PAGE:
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Right Man at the Right Time

July 30, 2020 Industry News ASA
By Dan Rieder | Earl B. Peterson, who served as ASA’s CEO between 1978 and 1990, has passed away, leaving behind a legacy based on his skills as a money manager and practical administrator. “I knew Earl casually before he joined the ASA staff, so I was…

New Research Program Offers Members Half-off Genomic Tests for Their Calf Crop

July 29, 2020 Industry News ASA
By Drs. Jackie Atkins and Rachel Endecott | Background: Calf Crop Genomics, a recent program launched by the American Simmental Association in collaboration with Neogen®, offers a 50% off GGP-LD genomic test including parentage ($25 compared to $50 equivalent…

Milk, it does the beef industry good

Meatingplace, By Tom Johnston        |      

Advancing technology and breeding practices in dairies have produced more calves to the benefit of the beef industry in the form of more Prime and Choice grade product, a development that can be more mutually beneficial when beef and dairy producers bridge the economic, business and cultural gaps between the two industries, according to the new RaboResearch report, “Dairy Calves Get a Beef Makeover.”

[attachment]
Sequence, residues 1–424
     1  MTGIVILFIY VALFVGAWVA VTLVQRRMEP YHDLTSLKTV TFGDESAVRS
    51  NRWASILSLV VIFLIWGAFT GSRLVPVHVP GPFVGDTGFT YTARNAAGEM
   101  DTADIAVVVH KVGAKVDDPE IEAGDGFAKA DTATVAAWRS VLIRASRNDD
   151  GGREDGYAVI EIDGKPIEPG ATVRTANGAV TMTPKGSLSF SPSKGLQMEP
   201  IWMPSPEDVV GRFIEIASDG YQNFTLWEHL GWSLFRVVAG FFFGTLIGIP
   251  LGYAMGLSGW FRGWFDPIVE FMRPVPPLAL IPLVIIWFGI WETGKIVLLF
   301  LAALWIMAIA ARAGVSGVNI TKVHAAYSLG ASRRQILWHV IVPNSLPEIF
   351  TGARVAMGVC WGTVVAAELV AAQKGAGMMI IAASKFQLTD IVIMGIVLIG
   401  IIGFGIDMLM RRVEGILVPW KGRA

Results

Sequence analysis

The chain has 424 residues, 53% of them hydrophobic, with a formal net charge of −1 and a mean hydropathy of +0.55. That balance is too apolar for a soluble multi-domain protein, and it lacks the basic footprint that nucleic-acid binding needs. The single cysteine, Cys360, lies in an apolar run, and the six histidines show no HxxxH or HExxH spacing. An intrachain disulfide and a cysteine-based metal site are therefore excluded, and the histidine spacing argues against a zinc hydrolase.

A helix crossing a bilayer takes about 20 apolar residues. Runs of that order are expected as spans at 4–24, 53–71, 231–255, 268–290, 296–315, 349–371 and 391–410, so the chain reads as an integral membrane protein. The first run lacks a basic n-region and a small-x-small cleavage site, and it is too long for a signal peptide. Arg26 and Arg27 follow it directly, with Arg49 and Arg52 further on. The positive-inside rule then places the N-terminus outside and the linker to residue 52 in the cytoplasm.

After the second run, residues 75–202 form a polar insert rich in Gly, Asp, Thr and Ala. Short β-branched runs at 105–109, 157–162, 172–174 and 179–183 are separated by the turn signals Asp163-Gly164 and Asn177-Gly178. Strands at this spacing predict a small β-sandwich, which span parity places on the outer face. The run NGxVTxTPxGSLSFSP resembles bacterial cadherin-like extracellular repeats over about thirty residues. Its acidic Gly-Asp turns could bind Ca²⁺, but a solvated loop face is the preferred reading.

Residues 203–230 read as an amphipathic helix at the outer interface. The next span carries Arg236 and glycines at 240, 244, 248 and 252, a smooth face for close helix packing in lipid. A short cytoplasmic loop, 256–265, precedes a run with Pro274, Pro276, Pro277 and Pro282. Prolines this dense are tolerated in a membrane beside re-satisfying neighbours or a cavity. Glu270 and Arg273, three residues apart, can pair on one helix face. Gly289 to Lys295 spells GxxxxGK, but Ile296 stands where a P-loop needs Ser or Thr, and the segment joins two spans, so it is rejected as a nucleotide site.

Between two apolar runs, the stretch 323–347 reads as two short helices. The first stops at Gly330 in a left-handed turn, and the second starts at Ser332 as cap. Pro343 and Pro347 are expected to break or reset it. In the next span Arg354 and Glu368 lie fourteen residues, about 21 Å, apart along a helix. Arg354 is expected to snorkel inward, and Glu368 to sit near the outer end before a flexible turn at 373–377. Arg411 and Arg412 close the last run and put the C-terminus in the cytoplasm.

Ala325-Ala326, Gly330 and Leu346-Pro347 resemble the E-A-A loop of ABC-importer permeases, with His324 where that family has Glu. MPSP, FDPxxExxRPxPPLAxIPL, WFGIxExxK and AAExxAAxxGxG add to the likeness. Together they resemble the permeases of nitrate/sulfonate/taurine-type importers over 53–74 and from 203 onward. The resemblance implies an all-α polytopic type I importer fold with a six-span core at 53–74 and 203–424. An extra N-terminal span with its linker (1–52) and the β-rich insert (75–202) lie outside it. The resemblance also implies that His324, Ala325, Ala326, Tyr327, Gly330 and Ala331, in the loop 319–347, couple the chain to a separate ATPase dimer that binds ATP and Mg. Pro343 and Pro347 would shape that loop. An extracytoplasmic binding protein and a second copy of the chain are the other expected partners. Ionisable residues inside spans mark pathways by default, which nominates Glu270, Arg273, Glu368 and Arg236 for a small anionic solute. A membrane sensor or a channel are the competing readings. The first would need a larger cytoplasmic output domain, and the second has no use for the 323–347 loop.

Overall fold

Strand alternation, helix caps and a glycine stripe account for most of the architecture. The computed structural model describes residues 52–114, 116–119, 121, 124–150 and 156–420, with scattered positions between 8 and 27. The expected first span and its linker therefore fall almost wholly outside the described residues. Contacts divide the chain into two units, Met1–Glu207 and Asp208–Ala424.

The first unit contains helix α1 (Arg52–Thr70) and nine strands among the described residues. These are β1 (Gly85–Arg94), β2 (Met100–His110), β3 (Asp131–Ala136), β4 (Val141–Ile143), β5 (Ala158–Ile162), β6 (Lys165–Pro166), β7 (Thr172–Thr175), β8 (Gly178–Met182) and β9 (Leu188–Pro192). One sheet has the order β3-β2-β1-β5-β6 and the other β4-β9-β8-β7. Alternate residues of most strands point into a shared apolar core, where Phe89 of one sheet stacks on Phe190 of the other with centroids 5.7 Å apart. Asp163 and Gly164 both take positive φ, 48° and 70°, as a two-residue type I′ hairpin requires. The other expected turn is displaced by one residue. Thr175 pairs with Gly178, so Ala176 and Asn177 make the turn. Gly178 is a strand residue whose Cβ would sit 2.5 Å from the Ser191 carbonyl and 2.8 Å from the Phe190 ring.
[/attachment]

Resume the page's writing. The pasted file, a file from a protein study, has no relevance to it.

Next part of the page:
The development comes as dairies increasingly breed a share of their cows with beef-breed bulls to diversify their income streams. Using genetic selection enables dairies to be much more efficient in developing desired herd replacements. Moreover, the crossbred cattle are creating high-quality carcasses desired by meat processors.

“Careful management and experience are driving success, and performance is starting to explode, as the industry improves its understanding of the best genetic matches and how to manage and feed beef-on-dairy calves,” said report author, Don Close, senior animal protein analyst with Rabo AgriFinance, in a news release. “But, the relationships between buyers and sellers will be crucial.”

The report notes existing gaps between dairy producers and cattle feeders in their opinions on breeding goals and management, as well as on pricing.
“Success will require cattle feeders and dairy producers to form relationships and communicate expectations,” Close says. “I expect the supply of beef-on-dairy calves to increase significantly in 2020 and continue to climb over the next three to five years to a level where more than 10% of cattle in U.S. feed yards will be beef-on-dairy crosses.”
The report also notes the sustainability benefits of the changes.

As Close explains, “Compared to conventional dairy calves, beef-on-dairy animals are more efficient feed converters, reach full weight three to four months earlier, and have a higher percentage of red meat yield. This system reduces greenhouse gas (GHG) emissions for the cattle industry.”    



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